Space shuttle Columbia's mission was aborted 6 1/2 seconds before its launch this morning when launch controllers received a reading of high levels of hydrogen gas in an aft engine compartment.

Eileen Collins, the first female space shuttle commander, and the four other astronauts were safe. Immediately after the shutdown, they began turning off all shuttle systems and getting out of the shuttle, whose main engines contained more than 500,000 gallons of liquid hydrogen fuel and liquid oxygen.

The indication of an increased concentration of hydrogen gas came just before the three main engines ignited. Shuttle computers automatically stopped the countdown.

NASA engineers suspected a faulty reading, and NASA commentator Bruce Buckingham said that depending on the problem, another launch attempt might be made Thursday. At the very least, technicians must replace six igniters, needed to burn off hydrogen vapor below the engines before they are fired.

It was the first time in years that trouble struck so late in the countdown. "Engineers in the firing room will continue to monitor the situation and strive to understand exactly what happened that caused this abort," Buckingham said.

The shuttle had been poised to to take off at 12:36 a.m. from Pad 39B at the Kennedy Space Center, on the 30th anniversary of the Apollo 11 moon landing, carrying a $1.6 billion X-ray telescope into orbit in the first shuttle flight commanded by a woman. First lady Hillary Rodham Clinton, the world champion U.S. women's soccer team and Sally Ride, America's first female astronaut, were on hand to watch.

The goal of the flight was to deploy NASA's Chandra X-ray observatory, a Hubble-class telescope designed to study radiation emitted by some of the most violent phenomena in the universe. The telescope and its two-stage rocket booster tipped the scales at 50,162 pounds, the heaviest payload ever placed aboard a shuttle.

The Chandra observatory, the most sophisticated X-ray telescope ever built, was designed to give astronomers a new view of the universe. Unlike visible light, X-rays from deep space are almost totally absorbed by Earth's atmosphere and can only be studied from space.

"The discovery capabilities are immense," theorist Michael Turner said of Chandra's potential.

Unlike Hubble, however, Chandra cannot be repaired in orbit if anything goes wrong. To cut costs, it was designed to operate in an orbit with a low point of 6,000 miles and a high point of 87,000 miles, well above the shuttle's maximum altitude.

The flight plan called for Chandra and its two-stage solid-fuel booster to be ejected seven hours and 17 minutes after launch. One hour later, the inertial upper stage booster was scheduled to fire, boosting Chandra into an initial orbit with a far point of 46,000 miles and a near point of 755 miles. An onboard rocket system was to fire five times over the next 10 days to boost Chandra to its final orbit.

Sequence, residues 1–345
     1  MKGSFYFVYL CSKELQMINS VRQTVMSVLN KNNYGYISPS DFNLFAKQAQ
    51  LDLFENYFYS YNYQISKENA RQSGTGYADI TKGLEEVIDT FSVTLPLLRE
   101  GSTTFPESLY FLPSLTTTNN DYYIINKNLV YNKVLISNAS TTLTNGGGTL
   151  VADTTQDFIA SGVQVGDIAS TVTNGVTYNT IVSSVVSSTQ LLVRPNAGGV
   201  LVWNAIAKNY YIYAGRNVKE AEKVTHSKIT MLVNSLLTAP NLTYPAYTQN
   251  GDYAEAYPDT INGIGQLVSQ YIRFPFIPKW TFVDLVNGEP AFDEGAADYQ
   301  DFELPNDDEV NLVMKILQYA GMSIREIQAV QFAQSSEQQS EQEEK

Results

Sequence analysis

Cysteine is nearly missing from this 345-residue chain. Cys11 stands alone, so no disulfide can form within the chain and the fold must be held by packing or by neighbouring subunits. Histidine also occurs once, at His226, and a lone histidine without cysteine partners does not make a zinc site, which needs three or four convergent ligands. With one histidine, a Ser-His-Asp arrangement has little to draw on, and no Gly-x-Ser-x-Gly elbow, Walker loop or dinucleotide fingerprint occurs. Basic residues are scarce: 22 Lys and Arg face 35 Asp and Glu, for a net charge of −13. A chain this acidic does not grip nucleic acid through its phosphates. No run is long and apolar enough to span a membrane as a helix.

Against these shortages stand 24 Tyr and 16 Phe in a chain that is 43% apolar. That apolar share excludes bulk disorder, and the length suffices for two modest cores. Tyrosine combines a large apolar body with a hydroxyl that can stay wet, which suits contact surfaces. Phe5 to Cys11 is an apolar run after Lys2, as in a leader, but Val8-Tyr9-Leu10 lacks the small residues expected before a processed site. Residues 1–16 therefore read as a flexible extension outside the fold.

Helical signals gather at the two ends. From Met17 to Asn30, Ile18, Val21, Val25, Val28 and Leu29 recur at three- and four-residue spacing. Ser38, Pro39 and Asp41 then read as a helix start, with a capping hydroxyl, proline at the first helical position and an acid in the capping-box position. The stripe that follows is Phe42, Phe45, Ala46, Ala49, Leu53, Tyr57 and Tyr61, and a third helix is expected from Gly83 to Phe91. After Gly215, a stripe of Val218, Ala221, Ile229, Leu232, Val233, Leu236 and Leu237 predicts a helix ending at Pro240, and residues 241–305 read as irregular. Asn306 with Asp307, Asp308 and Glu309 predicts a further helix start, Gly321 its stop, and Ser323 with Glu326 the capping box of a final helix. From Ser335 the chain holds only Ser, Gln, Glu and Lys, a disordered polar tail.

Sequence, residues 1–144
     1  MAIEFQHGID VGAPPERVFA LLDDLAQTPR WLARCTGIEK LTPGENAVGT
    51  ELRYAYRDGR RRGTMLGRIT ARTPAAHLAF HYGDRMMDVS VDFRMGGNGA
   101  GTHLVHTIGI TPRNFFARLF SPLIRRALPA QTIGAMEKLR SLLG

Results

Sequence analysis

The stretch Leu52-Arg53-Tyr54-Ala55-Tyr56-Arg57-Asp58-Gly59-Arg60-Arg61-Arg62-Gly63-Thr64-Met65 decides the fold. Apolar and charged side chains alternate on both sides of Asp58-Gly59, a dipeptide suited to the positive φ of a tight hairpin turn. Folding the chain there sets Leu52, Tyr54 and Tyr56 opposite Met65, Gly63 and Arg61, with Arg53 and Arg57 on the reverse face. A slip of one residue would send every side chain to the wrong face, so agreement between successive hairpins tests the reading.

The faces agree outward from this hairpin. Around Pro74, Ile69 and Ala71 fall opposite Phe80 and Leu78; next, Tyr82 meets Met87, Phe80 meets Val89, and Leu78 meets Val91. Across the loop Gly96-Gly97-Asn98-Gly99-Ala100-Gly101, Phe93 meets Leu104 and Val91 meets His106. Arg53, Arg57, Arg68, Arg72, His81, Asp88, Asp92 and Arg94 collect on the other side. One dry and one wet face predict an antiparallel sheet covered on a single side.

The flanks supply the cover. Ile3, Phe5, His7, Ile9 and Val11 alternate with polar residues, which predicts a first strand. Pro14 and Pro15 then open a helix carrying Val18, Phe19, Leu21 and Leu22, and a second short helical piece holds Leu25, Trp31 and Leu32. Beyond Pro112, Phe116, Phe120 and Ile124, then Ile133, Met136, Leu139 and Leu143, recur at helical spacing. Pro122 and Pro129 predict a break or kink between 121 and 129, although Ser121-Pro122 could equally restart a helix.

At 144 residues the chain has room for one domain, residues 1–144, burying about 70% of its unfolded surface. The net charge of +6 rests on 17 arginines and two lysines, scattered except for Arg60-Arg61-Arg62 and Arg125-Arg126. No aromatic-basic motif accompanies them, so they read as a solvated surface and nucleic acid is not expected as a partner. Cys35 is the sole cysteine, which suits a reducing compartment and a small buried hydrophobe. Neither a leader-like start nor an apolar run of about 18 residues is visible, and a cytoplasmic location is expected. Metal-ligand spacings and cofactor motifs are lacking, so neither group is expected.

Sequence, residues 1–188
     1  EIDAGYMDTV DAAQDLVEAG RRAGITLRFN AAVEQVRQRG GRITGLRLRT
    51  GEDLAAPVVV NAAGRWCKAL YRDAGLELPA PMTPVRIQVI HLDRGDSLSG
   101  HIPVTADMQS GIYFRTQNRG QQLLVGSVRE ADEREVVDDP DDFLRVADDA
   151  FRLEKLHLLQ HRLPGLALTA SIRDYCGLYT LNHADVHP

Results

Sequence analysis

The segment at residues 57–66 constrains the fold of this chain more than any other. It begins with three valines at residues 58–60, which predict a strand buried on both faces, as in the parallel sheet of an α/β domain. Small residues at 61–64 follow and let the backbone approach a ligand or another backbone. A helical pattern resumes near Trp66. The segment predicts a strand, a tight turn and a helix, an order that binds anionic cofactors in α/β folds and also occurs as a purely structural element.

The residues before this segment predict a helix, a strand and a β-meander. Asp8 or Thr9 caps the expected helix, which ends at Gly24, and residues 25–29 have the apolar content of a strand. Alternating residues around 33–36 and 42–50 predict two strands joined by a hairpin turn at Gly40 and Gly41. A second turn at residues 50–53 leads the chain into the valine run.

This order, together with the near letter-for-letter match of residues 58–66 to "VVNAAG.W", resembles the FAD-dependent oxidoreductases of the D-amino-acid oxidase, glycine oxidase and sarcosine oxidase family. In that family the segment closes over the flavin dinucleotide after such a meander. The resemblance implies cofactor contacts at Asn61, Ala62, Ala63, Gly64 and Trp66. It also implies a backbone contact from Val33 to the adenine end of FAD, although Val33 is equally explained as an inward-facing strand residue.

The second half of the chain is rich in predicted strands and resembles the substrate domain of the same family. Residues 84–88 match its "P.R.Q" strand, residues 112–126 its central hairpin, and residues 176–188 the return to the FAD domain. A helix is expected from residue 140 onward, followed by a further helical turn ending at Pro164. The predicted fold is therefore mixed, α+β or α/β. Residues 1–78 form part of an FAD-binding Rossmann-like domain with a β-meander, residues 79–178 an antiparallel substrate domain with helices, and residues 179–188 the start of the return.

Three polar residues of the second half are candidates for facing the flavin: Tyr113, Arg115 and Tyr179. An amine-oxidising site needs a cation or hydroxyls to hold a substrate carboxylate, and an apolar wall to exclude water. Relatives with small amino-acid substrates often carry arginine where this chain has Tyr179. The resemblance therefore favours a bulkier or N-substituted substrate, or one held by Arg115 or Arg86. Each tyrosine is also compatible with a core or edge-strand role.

Collins, a veteran of two shuttle flights, is the first female space commander since Soviet cosmonaut Valentina Tereshkova in 1963 and the first to be given major responsibility.

It is a role she has relished. "I wish that we could have had women in the space program a lot sooner," said Collins, a former test pilot, Air Force Academy math instructor and mother of a three-year-old girl. "But that's just the way our society worked and that's just the way it was. We can't change that now, but we can make it better in the future."

"Sorry about the delay. We'll do it in a couple days, hopefully," a launch controller told Collins before she climbed out of the shuttle.

Special correspondent William Harwood contributed to this report.

NASA's Great Observatories

Hubble Space Telescope

Cost: $1.5 billion

Launch: 1990, aboard space shuttle Discovery

Cost increased to $2 billion after mirror repairs and improvements in orbit in 1993 and 1997.

Observes visible light and, to a lesser degree, ultraviolet and infrared radiation.

Compton Gamma Ray Observatory

Cost: $557 million

Launch: 1991, aboard space shuttle Atlantis

Not built for servicing by astronauts.

Chandra X-Ray Observatory

Cost: $1.6 billion

Launch: Today, aboard space shuttle Columbia

Destined for oval orbit extending one-third of the way to the moon, meaning it can't be reached by astronauts.

Space Infrared Telescope Facility

Cost: $458 million

Launch: 2001, aboard a Delta rocket

Not built for servicing by astronauts.

SOURCE: Associated Press

CAPTION: Pilot Jeffrey Ashby, left, and commander Eileen Collins headed to space shuttle Columbia at Kennedy Space Center before Tuesday's aborted launch. Behind them were mission specialists Michel Tongnini, Catherine Coleman and Steven Hawley.